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1. What is this page?

This page discusses a sim­ple but unusual game by OldCoder named BEWorld. The game is unusual only in tech­ni­cal respects. It's a sim­ple demo but at one point it was the world's largest single-file Tcl video game as well.

The game appeared at the time to be unique in that it in­clud­ed sprites, level maps, sound effects, and back­ground music all in a single Tcl script.

The code was 100 pages in length even after sub­tract­ing blank lines, com­ment separator bars, and binary data blocks.

BEWorld is still fully operational as of this writing. The game is stand­ard in Laclin and port­a­ble to other distros. This page provides the source code need­ed for ports.

The scope of this arti­cle includes both Laclin and other distros. The tar­get audience is Linux game­devs who are com­for­ta­ble with CLI.

2. History.

OldCoder wrote BEWorld largely from 2010 to 2011. The earliest drafts might date back to 2008 or 2009.

BEWorld was a fork of an older (apparently unnamed) pro­gram writ­ten by the Steve Havelka who resided in Portland at the time. Havelka wrote the first pro­gram as a demo for a FOSS project of his named Brick Engine.

As a side note, Havelka worked with an artist named Master Bismuth or MURB who later became one of OldCoder's long-term as­soc­i­ates.

The flavor of BEWorld was, and remains, similar to that of a real-time Nethack. There are sever­al connected rec­tang­u­lar levels and the goal is to travel through the levels and make it to the end.

However, the pro­gram is far more lim­it­ed than Nethack. It should be thought of as a demo or proof of con­cept.

This said, the game features sprite code that's easy to work with, both ran­dom and in­var­i­ant levels, a map gen­er­a­tor that should work in other games, sup­port for em­bed­ded music and sound effects, the start of an object-oriented com­pon­ent framework, and other use­ful features.

As of 2021, the pro­gram was still work­ing fine despite a decade of changes in FOSS.

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Typical BEWorld scene
Typical BEWorld scene

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Denizens of Caspak greet the hero
Denizens of Caspak greet the hero

3. Get a Load of the Code.

To browse an HTML version of the code, click here. Be prepared to be amazed because this is Tcl code most crazed.

Note: Don't try to copy-paste and use the HTML version. It won't run. Reason: The sound effects and music binary data has been been omitted from this copy because the data is huge and ir­rel­e­vant for browsing purposes.

The actual and complete source code is provided in downloadable form further down.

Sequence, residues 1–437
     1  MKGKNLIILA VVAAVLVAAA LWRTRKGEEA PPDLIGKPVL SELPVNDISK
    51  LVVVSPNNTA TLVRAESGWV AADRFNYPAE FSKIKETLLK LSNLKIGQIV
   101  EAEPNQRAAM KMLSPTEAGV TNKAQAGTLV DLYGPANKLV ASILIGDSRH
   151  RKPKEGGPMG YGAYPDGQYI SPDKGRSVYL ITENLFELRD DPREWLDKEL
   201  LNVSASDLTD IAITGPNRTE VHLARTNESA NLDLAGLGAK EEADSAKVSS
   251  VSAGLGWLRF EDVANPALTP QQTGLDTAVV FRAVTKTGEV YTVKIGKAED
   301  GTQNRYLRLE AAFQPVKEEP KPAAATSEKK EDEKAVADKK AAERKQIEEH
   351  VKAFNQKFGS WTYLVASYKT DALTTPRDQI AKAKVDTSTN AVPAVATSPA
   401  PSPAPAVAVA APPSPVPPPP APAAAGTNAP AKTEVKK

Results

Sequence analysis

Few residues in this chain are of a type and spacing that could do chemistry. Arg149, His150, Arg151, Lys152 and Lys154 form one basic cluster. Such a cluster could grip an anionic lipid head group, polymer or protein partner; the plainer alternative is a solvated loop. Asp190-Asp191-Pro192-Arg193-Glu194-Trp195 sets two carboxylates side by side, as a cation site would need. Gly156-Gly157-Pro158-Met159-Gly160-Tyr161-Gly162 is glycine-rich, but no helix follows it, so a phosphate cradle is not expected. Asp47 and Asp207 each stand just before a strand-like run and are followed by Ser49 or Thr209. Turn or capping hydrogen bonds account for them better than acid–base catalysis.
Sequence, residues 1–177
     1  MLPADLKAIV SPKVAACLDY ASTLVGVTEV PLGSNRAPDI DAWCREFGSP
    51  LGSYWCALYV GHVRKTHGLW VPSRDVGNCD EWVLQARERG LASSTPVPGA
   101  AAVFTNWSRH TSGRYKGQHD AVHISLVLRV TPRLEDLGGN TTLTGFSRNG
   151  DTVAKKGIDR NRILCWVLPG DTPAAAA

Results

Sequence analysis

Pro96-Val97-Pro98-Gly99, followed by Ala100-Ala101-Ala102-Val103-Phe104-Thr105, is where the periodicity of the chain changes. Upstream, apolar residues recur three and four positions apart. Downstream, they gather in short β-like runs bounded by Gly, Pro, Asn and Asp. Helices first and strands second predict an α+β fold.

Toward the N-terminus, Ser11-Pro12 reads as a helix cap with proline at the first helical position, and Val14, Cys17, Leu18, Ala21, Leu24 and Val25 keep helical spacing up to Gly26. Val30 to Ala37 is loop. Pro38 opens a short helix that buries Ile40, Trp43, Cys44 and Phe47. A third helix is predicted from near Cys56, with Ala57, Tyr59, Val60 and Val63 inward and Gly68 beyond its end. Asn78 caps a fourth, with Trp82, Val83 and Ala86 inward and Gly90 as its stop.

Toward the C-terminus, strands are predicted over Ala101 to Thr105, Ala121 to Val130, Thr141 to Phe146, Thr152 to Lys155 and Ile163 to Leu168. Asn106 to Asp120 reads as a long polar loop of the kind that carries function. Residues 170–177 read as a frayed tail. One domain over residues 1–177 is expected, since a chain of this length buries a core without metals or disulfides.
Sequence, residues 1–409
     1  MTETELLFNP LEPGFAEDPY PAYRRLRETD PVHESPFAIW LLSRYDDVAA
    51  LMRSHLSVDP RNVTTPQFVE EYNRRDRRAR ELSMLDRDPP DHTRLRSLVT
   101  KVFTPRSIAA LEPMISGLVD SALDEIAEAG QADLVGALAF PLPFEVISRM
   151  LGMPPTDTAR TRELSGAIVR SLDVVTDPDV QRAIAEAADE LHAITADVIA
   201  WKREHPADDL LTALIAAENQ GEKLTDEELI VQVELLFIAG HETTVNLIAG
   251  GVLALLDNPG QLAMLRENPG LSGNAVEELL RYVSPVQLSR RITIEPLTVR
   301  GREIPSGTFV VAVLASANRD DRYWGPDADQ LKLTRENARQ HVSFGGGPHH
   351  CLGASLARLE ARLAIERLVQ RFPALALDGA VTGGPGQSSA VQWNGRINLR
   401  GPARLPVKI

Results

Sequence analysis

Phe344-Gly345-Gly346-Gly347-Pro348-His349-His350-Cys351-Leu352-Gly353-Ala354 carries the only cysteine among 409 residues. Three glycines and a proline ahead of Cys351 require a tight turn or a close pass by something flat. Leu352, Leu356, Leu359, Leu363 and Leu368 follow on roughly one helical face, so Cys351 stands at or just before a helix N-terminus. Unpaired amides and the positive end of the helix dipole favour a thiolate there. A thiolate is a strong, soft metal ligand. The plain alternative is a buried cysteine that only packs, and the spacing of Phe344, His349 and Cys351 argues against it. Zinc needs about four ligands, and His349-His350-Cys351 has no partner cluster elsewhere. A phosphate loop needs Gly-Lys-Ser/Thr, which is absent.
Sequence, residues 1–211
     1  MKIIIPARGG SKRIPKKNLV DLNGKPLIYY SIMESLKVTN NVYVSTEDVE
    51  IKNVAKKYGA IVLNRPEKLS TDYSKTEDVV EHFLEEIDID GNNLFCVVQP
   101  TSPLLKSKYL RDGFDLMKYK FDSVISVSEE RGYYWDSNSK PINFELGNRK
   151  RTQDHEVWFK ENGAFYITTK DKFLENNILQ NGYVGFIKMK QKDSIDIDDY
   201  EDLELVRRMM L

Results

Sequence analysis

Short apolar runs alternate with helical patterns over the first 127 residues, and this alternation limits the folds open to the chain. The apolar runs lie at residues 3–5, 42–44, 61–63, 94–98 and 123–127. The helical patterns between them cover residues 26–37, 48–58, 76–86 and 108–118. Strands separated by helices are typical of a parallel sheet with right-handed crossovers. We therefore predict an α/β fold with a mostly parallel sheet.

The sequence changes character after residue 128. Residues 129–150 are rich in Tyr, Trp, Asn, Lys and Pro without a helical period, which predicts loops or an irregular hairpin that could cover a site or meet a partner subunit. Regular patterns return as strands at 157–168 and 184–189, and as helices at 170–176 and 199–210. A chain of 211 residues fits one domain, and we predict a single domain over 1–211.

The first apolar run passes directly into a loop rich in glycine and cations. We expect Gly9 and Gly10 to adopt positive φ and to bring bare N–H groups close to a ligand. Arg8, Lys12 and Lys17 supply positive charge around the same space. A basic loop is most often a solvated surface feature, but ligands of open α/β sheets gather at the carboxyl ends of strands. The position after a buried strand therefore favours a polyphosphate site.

4. Dependencies.

BEWorld's stand­ard dependencies, the ones that are readily available in most Linux distros, are light. They include:

gcc, cmake, SDL core 1.2.15 and SDL components such as sdl-mixer, Tcl 8.5.X or 8.6.X — preferably 8.6.12 or above — Xorg, libmikmod, and other libraries need­ed by SDL to play sound and/or music files.

SDL needs be SDL-1 as opposed to SDL-2. Note that the two series of SDL can be installed side-by-side. sdl-mixer must be compiled so as to sup­port MOD files by way of libmikmod.

The sound system used in most Linux distros, these days, will often be pulseaudio. BEWorld works with pulseaudio but a well-known tweak to the pulseaudio con­fig­ur­a­tion might be need­ed. If sound is present but it's borked, add the fol­low­ing two lines to and restart pulseaudio:

load-module module-alsa-source tsched=0
load-module module-alsa-sink tsched=0

As a last resort, run BEWorld from a bash script that resets pulseaudio both before and after a BEWorld session.

There's only one non-stand­ard dependency, Brick Tcl 5.4, which was de­vel­op­ed by Havelka as one of the sup­port­ed Brick Engine modes.

The API changed repeatedly, so it needs to be Brick Tcl 5.4 exactly. This page includes source code for a snapshot of that release.

5. Building BEWorld.

The source code for Brick Engine, Brick Tcl 5.4, and BEWorld can be down­load­ed as a single ZIP file from the the fol­low­ing link:

If the stand­ard dependencies dis­cus­sed in part 4 are installed, it's nearly trivial to build BEWorld.

You can do the build either as root or as an ordinary user. In the 1st case, BEWorld is installed to the dir­ec­tory tree “/opt/beworld”. In the 2nd case, it's installed to $HOME/beworld instead. The pro­ce­dure is as follows:

unzip -o  /somewhere/
cd beworld-bundle-211113
bash -e  ./

Substitute the appropriate dir­ec­tory path for “/somewhere”.

That's all there is to it. However, you may need to do post-build tweaks as dis­cus­sed below.

If you do the build as root, BEWorld is installed to the dir­ec­tory tree “/opt/beworld”. If you do it as an ordinary user, BEWorld is installed to $HOME/beworld instead.

If the build is suc­cess­ful, the script will tell you the com­mand to use to run the pro­gram.

If BEWorld runs, but there's no sound or music or it's borked, try resetting the sound system both before and after you run the pro­gram. The required steps will depend on your distro and/or sound system.

If sound effects work but back­ground music doesn't play, you need to install both a copy of libmikmod and a copy of sdl-mixer that was built to use libmikmod.

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The Flames of Heaven
The Flames of Heaven

6. Tips and tech­ni­cal notes.

* To get God Mode, capture the Cross. Santa Claus will then boom out “Ho ho ho” and grant you temporary invulnerabiliy.

* It should be pos­si­ble to make it through the Flames of Heaven. However, as of this writing, OldCoder didn't remember how to do it suc­cess­ful­ly.

* If you get into the car, you're safe from attackers but not able to shoot at them. Pressing Fire will just make the car honk instead.

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